|This message contains images. If you don't see images, click here to view.|
Advertise in this news brief.
Tap into NIH Funding
Several NIH program directors discuss current and future NIH funding opportunities relevant to pharmaceutical scientists, helping researchers to identify and negotiate the NIH programs right for them. They recommend doing your homework, finding the right NIH program, and establishing a relationship with the program director. Read more in the March 2016 AAPS Newsmagazine Online.
For a complete list of job postings, click here.
Have a job to post? Click here.
PHARMACEUTICAL CAREER NEWS
Learn To Read Between the Lines of a Job Ad
Most companies in the recruiting business are experiencing a great start to 2016. It appears that the job market is finally picking up a bit of steam, at least across the world of commerce and industry. There will always be a fair amount of stress and uncertainty for scientists looking for Ph.D.-level jobs, but I believe you’ll see more job ads today than you did a year ago.
Screening Enormous Databases To Find a Cure For Cancer
Developing new drugs is becoming increasingly difficult: research and lab experiments are time consuming and expensive. By making use of data first — screening large databases in order to discover patterns — we can make better predictions about what will work and what will not. This is what Gerard van Westen calls Data-Driven Drug Discovery. He received an NWO Veni grant for his current research, in which he uses data mining techniques to find a cure for cancer.
Zika On Our Doorstep
Medscape (free login required)
A new souvenir that no one wants may soon be making its way home with tourists after their beach vacations here: the Zika virus. The mosquito-borne virus is expected to plow through Puerto Rico with little to slow its spread. This island U.S. territory is $70 billion in debt, an amount its governor last year called “not payable.” Funding cuts have crippled public programs, leaving local health authorities shorthanded and without enough supplies.
In Development: New Generation of Superbug Drugs
New research published in the journal Nature reveals the mechanism by which drug-resistant bacterial cells maintain a defensive barrier. The findings pave the way for a new wave of drugs that kill superbugs by bringing down their defensive walls rather than attacking the bacteria itself. It means that in future, bacteria may not develop drug-resistance at all. Unravelling this mechanism could also help scientists understand more about human cell dysfunctions linked to disorders such as diabetes, Parkinson's and other neurodegenerative diseases.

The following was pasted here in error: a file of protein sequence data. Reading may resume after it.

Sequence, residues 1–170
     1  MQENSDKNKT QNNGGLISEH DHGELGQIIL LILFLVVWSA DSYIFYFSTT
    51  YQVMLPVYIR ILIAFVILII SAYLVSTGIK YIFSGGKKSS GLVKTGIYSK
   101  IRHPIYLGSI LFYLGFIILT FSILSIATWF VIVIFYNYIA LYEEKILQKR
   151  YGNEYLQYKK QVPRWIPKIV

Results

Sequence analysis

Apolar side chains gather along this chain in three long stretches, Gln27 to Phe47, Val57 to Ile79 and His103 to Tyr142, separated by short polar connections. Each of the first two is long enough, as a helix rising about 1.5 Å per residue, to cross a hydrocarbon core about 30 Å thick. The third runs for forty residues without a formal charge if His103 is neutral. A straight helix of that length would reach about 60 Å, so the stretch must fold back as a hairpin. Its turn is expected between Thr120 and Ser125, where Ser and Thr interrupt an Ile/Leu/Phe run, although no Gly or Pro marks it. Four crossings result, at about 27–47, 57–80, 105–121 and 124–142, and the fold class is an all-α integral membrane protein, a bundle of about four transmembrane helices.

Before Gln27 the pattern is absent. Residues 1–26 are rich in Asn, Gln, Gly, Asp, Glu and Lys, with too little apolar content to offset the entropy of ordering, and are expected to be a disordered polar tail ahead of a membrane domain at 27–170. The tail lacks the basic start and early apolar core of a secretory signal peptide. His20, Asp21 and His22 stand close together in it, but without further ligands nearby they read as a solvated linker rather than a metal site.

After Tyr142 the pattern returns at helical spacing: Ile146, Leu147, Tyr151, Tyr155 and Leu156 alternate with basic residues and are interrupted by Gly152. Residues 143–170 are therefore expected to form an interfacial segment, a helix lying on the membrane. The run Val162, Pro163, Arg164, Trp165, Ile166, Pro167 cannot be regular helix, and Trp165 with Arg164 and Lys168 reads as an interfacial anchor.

The Jobs Tradeoffs in the TPP Trade Deal
Los Angeles Times
President Obama is trying to round up votes in Congress to ratify the Trans-Pacific Partnership before the end of his term. The White House has made approval of the 12-nation free-trade deal, which took seven years to negotiate, a top priority. But many in Congress and around the country have serious concerns about how it will affect everything from environmental regulations and drug prices to jobs and wages.
Public Health in an Era of Personalized Medicine
By Dr. Robert Carter
Collectively, the clinical medicine and public health communities have demonstrated to governments and their populations that public health programs and interventions are critical to reducing infectious and chronic diseases.
Furthermore, much of the success of public health interventions has been achieved with only a fraction of the public and private spending on clinical medical care. However, these investments by governments and private healthcare organizations are generally unrecognized by the public.
Big Pharma's Delicate Dance on Drug Prices
The Wall Street Journal
Drug makers are enjoying a research-and-development revival after a fallow period. Last year the U.S. Food and Drug Administration approved 45 new drugs, more than double the number in 2006.
But the industry also faces growing criticism of the prices it charges for new drugs — some cancer therapies cost as much as $150,000 a year — as well as repeated price increases for older drugs. Critics say high prices are putting drugs out of reach for many patients and straining healthcare budgets.
It's An Interview — Not An Interrogation
Old-school interviewers read questions from a script. They don’t know how to make a job interview a pleasant conversation. That’s too bad for them, the job applicants who have to suffer through their interviews, and the customers and shareholders who rely on their employers’ ability to snag great employees.
If you are someone who interviews job-seekers in your job, 2016 is the perfect time to throw out the interview script!
AAPS Career Services
Colby Horton, Vice President of Publishing, MultiBriefs, 469.420.2601
Download media kit
Jessica Taylor, Medical Editor, MultiBriefs, 202.684.7169
Be sure to add us to your address book or safe sender list so our emails get to your inbox. Learn how.
This edition of the AAPS Pharmaceutical Career News was sent to ##Email##. To unsubscribe, click here. Did someone forward this edition to you? Subscribe here -- it's free!
Feb. 12, 2016
Jan. 8, 2016
Dec. 11, 2015
Nov. 13, 2015
7701 Las Colinas Ridge, Ste. 800, Irving, TX 75063